I know I'm a little prone to hyperbole, but the blizzard that struck yesterday and continues to strike today could have a devastating effect.
February 6, 2010
This was eight hours and 6-8" ago.
As I write this, there is approximately 30" of snow on the ground in Columbia, Maryland, and it is still falling HARD. When I opened the front door this morning and a pile of snow came into the house, I just stared at it for a few minutes. It did not compute, especially since I had shoveled consistently last night until midnight.
My landlord has DirecTV. My dish is already inoperable. There is zero chance of me getting onto the roof to clear it off. That means there is no chance that I'll be able to watch the Super Bowl in my house on Sunday. Obviously, all Super Bowl parties outside of a dormitory or large apartment building are cancelled.
Luckily, this community has entirely underground power lines. I am not seriously concerned about losing power unless the entire region suffers a blackout. People with cable should not have a problem.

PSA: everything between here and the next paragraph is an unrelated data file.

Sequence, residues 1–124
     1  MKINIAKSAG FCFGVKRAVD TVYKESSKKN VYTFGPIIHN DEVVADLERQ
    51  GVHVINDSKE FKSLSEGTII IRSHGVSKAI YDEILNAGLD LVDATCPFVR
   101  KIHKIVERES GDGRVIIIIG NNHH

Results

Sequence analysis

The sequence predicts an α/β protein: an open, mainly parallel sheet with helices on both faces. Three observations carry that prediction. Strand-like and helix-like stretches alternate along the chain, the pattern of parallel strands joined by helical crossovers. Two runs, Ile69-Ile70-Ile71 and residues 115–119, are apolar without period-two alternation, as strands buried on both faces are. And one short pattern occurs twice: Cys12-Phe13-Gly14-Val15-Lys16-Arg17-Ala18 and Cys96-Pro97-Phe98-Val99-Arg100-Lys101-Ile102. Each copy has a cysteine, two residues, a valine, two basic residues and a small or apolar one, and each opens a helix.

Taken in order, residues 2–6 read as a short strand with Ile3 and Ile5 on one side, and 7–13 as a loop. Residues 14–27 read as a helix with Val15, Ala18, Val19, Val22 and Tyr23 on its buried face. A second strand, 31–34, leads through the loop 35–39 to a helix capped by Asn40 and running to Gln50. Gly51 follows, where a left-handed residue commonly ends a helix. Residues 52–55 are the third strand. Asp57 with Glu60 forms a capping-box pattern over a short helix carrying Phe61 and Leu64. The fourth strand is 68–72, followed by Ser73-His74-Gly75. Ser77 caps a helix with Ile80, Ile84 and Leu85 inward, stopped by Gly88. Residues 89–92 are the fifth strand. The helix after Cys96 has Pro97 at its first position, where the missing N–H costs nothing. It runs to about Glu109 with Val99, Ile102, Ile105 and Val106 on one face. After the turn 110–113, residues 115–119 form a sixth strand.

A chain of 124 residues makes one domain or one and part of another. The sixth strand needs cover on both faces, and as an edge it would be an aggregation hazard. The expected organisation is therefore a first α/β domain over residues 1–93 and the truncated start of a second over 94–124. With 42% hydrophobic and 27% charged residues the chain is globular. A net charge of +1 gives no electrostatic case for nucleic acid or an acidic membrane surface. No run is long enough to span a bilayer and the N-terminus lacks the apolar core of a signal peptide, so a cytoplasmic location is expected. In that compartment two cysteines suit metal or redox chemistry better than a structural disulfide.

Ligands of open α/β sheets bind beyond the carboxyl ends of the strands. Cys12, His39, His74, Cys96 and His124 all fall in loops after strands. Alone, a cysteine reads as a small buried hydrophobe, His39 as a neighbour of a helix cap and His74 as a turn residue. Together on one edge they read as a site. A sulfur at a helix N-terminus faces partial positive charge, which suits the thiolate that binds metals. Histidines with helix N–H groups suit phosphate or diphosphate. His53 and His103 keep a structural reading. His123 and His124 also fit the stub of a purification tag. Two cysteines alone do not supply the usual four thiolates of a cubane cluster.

I haven't lived here long though, and I haven't met any neighbors aside from "shovel chat" last week, last night and today. I believe I have 32 hours, an hour for each inch of snow we'll have, to befriend a neighbor AND get invited into their living room.
I really should be panicking more than I am. Right now, I'm short-sighted enough to only be able to think about the game. I have enough food to last a week, and I might actually need it. There is no chance I'll be able to go anywhere before Monday, and probably not until Tuesday. They are calling for another significant storm on Tuesday. In an already hurting economy, am I wrong to think this might be the straw that breaks the camel's back? How many employees who are paid hourly can survive losing an entire paycheck? How many businesses can survive not having a single customer? It's really just astounding.
As for the game itself, I will be interested to see how people handle the situation. Will Super Bowl party invites be extended to neighbors since friends can't come? Will the ratings actually be higher because much of the mid-Atlantic has to watch at home (meaning more individual televisions tuned in)? On the other hand, will we find out how much people ACTUALLY care about the game when they have to go to extremes just to watch it? I will be interested to see what happens.